Loren's account of the "minimal protection" afforded to Harvard workers by a union, despite its "class collaborationist" activity, does not seem to me to speak to the issue of the class nature of unions in this epoch. Indeed it is precisely "considerations of the historical epoch," which in this post Loren excludes, that are crucial here, especially for revolutionaries. Many workers can provide accounts of how the union prevented an arbitrary firing, and just as many can probably point to the failure of the union to protect them, especially if they were involved in wildcat activity or challenges to the union leadership or the shop stewards. But it is not there that the basis for determining the class nature of unions can really be decided. It is the role of unions in the political economy of capitalism in a specific epoch, and especially the action of unions in the midst of a massive class confrontation, when the power of capital is potentially directly challenged by the working class, that both permits and compels revolutionaries to draw the class line.
This list is not the place to provide a detailed analysis of the role of unions in the present epoch, either in terms of the political economy of capitalism in its epoch of the real subsumption of labor to capital or the action of unions in the midst of class confrontations that potentially threaten the rule of capital -- though clearly such analyses are critical. But let me briefly point to three moments in the history of class struggle iin France over the past 75 years that are examples of the role of unions as the indispensable defenders of capitalist class rule; of the counter-revolutionary role of unions in the present epoch. In May-June 1936, in the aftermath of the parliamentary elections, workers spontaneously launched a wave of mass strikes that went far beyond the reformist program of the Popular Front, and which the CGT had difficulty in containing, despite its best efforts. Thorez, the Stalinist leader, and the CGT, worked tirelessly to limit the struggles, to bring them under control, and to end them. It was Thorez who famously said: "One must know how to end a strike." The Matignon Accords finally achieved that goal. In the Spring of 1947, as French capital faced the challenge of post-war reconstruction, a wave of strikes that began at Renault Boulogne-Billancourt erupted in protest against food shortages, rationing and wage freezes, and rapidly spread throughout heavy industry, escaping the control of the CGT. This time Thorez gave the marching orders to the unions with his infamous declaration that "strikes are the weapon of the trusts," and once again in a moment of peril for capital the unions -- in the name of patriotism -- brought the mass movement under control, and defeated it. In May-June 1968, mass strikes erupted, in the wake of the student protests, and the wildcats quickly spread throughout the industrial belt, and once again the unions swung into action to contain and finally crush them, saving the Fifth Republic.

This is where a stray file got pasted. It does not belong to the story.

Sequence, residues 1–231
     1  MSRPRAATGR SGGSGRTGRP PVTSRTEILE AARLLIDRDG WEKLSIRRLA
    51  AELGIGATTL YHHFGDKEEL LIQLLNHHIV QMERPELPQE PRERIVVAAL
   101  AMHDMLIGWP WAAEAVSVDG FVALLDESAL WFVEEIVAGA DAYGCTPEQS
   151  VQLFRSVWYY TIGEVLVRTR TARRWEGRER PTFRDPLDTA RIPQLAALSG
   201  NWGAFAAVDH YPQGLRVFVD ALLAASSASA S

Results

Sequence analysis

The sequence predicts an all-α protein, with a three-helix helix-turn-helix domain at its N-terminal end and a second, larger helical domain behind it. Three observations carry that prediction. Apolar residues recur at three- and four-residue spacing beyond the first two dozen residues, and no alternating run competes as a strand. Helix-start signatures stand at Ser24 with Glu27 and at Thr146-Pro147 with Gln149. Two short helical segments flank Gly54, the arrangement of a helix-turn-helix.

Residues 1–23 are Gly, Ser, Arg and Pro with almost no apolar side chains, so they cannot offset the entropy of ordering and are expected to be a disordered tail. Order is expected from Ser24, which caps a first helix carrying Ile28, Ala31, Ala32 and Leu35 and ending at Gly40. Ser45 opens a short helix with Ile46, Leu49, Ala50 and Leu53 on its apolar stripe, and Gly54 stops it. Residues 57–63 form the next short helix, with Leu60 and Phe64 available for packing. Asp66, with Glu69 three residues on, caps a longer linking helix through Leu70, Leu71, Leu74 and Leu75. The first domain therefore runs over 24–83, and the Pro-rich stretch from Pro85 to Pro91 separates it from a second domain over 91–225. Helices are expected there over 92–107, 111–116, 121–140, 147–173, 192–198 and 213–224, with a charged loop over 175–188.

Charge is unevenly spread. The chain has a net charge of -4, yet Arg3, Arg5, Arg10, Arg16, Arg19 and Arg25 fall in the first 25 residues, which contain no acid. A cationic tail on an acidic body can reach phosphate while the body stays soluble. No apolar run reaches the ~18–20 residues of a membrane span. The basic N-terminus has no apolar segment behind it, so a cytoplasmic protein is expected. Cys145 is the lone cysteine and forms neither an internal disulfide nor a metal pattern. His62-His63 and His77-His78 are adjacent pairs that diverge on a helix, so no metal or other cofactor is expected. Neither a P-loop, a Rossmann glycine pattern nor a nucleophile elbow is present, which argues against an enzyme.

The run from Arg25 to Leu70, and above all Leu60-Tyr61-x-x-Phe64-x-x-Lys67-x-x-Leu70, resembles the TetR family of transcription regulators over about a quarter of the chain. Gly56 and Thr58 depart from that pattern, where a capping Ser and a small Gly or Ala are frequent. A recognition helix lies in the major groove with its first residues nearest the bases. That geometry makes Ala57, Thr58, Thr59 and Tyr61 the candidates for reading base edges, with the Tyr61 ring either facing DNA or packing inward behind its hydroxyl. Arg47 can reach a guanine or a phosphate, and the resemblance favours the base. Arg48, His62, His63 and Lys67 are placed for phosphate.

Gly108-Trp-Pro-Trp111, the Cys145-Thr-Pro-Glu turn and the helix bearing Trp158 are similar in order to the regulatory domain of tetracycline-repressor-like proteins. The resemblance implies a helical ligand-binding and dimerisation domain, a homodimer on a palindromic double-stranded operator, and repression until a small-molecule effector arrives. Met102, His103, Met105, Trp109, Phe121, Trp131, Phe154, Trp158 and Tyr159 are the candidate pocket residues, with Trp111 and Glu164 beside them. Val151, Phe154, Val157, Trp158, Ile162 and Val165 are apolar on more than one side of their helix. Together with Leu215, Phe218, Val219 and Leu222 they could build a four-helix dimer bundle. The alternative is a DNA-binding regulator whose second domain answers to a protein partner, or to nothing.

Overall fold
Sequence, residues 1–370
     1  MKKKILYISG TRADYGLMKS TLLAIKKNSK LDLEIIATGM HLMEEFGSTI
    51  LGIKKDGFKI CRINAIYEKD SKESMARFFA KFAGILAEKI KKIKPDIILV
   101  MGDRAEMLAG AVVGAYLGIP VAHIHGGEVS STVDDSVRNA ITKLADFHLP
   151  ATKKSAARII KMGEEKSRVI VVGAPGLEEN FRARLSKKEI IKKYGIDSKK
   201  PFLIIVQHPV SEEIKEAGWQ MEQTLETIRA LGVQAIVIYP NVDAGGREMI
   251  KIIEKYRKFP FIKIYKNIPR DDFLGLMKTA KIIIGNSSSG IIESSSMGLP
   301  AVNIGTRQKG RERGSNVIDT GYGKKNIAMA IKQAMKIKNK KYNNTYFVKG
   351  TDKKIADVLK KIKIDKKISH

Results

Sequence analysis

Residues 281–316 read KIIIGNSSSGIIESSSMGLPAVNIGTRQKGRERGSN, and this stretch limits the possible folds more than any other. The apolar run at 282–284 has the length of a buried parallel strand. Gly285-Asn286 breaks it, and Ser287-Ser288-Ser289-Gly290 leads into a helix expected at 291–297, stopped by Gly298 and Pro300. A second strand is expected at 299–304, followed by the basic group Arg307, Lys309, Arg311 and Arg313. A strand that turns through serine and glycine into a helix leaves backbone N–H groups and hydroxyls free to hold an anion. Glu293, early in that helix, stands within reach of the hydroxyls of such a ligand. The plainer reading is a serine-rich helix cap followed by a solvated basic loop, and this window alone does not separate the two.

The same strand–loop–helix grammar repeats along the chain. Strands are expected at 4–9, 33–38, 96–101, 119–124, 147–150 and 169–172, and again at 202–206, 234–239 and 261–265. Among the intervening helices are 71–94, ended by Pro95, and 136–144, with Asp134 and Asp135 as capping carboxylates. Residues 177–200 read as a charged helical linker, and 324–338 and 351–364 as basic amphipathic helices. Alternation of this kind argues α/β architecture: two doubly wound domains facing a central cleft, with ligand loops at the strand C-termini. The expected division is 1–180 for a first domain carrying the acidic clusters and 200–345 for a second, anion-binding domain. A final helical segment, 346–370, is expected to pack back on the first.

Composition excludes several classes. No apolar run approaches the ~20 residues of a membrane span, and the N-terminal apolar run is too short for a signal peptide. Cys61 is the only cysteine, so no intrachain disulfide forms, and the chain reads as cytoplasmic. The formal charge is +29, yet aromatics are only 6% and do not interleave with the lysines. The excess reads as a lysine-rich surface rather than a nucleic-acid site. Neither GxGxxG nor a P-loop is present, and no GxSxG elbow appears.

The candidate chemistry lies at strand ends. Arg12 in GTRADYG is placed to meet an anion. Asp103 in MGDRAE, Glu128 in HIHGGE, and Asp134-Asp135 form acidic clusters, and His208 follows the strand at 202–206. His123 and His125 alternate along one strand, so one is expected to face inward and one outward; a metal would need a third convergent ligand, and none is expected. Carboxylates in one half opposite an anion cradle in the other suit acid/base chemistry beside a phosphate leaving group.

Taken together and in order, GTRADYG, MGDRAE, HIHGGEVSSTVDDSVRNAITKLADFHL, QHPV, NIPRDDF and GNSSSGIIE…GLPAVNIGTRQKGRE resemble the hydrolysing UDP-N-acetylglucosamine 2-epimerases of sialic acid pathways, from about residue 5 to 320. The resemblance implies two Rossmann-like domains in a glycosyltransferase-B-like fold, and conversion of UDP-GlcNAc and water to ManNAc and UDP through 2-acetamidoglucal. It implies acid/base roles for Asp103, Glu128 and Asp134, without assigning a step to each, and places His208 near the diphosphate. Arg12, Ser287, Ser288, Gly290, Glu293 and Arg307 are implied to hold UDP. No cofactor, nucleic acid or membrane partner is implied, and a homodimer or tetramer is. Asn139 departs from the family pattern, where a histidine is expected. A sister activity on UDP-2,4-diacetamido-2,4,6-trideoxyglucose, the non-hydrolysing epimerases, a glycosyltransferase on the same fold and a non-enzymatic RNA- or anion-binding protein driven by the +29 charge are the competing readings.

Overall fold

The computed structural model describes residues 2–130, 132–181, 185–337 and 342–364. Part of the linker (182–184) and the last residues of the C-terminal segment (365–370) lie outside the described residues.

Do such examples, on their own, "prove" the counter-revolutionary role of unions? In the face of those who would claim that what was lacking was a revolutionary party to lead and direct the struggles, or that the unions were themselves not the problem, it was just "bad" leadership, much more is needed to establish the link between unions as organizations and capital and its political apparatus. That said, though, isn't the action of unions at such critical moments of mass struggles by workers, where we should begin any inquiry into the class nature of unions today? Isn't it there that revolutionaries can begin to access whether we face a crisis of leadership or the incorporation of the unions as organizations into the political apparatus of capital? The implications for revolutionary intervention are enormous.
April 6, 2011
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